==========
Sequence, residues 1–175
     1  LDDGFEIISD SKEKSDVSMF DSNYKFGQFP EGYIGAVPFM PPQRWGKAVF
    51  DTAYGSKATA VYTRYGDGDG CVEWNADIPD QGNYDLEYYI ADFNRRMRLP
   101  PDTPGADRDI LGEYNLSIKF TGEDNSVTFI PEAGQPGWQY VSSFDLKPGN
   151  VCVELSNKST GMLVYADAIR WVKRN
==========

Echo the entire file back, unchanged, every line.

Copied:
Sequence, residues 1–175
     1  LDDGFEIISD SKEKSDVSMF DSNYKFGQFP EGYIGAVPFM PPQRWGKAVF
    51  DTAYGSKATA VYTRYGDGDG CVEWNADIPD QGNYDLEYYI ADFNRRMRLP
   101  PDTPGADRDI LGEYNLSIKF TGEDNSVTFI PEAGQPGWQY VSSFDLKPGN
   151  VCVELSNKST GMLVYADAIR WVKRN